Presentation on theme: "Chemical and Biological Safety Training Center for Environmental Health and Safety SIUC."— Presentation transcript:
Chemical and Biological Safety Training Center for Environmental Health and Safety SIUC
Training is required annually for all people who work with chemical or biological agents. There are two regulatory agencies which required annual training: the Occupational Safety and Health Administration, or OSHA, and the Environmental Protection Agency, or EPA.
OSHA Occupational Safety and Health Administration, a Federal agency BUT in Illinois, the OSHA regulations are administered by the Illinois Department of Labor So the Illinois Department of Labor is our OSHA agency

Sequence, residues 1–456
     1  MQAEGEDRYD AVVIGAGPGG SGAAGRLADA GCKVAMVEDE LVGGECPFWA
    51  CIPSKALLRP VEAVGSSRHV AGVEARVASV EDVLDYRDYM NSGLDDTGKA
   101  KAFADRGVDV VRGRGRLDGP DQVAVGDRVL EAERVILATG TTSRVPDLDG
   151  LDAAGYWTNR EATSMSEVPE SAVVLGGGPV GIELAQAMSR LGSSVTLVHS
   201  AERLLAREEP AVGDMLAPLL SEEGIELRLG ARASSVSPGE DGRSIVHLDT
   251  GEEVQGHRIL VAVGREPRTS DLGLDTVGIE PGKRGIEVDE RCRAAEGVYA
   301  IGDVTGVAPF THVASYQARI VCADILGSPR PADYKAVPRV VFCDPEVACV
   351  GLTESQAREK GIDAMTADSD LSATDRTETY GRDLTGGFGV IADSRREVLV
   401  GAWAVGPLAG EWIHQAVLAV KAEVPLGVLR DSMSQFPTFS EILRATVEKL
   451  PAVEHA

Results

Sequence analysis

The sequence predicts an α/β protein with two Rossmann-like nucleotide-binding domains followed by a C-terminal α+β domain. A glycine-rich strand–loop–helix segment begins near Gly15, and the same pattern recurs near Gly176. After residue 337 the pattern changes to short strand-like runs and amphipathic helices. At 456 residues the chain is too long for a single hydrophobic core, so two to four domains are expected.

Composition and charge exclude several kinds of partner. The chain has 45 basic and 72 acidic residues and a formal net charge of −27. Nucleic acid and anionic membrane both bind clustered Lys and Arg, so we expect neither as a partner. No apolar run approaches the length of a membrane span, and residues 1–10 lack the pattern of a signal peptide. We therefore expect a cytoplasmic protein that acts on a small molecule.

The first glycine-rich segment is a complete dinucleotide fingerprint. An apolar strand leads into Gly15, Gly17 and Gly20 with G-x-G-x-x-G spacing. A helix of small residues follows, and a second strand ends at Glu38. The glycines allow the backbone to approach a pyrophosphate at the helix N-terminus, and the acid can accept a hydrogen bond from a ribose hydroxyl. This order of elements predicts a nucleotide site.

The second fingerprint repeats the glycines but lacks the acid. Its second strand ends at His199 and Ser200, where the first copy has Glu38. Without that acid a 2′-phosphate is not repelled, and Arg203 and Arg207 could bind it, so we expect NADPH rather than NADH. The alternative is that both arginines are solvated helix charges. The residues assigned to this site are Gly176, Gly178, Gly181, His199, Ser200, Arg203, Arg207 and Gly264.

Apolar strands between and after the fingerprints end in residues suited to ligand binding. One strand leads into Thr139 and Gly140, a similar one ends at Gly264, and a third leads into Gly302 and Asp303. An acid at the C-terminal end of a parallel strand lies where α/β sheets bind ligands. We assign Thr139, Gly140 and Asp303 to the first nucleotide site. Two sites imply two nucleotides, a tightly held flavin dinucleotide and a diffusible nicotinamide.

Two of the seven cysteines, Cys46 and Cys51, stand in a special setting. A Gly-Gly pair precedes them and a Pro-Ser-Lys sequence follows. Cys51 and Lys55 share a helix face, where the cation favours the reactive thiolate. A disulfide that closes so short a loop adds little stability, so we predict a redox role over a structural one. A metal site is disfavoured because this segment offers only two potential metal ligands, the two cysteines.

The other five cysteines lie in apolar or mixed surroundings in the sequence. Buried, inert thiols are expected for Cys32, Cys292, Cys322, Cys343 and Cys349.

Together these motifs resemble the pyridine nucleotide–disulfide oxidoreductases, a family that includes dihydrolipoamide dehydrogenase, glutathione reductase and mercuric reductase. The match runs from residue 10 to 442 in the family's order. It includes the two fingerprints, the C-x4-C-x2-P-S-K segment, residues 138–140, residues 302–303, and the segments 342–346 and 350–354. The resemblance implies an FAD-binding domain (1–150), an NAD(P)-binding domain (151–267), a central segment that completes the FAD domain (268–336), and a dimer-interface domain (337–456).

OSHA Standard #1 Formaldehyde Regulates the use of formaldehyde, formalin, and paraformaldehyde Establishes Permissible Exposure Limit of 0.75 parts per million in 8 hours Formaldehyde products are known human carcinogens
OSHA Standard #2 Air Contaminants Lists more than 400 substances Establishes Permissible Exposure Limits, PELs – legal limits Most PELs are outdated and too high Better numbers are from Recommended Exposure Limits, RELs PELs can be enforced by law, but RELs are just recommendations
OSHA Standard #3 Respiratory Protection Requires that respiratory protection be used if engineering controls can’t remove all the air contaminants Must have a medical evaluation and annual fit testing Use full-face and half-face respirators Disposable paper masks and surgical masks DO NOT protect you against chemicals!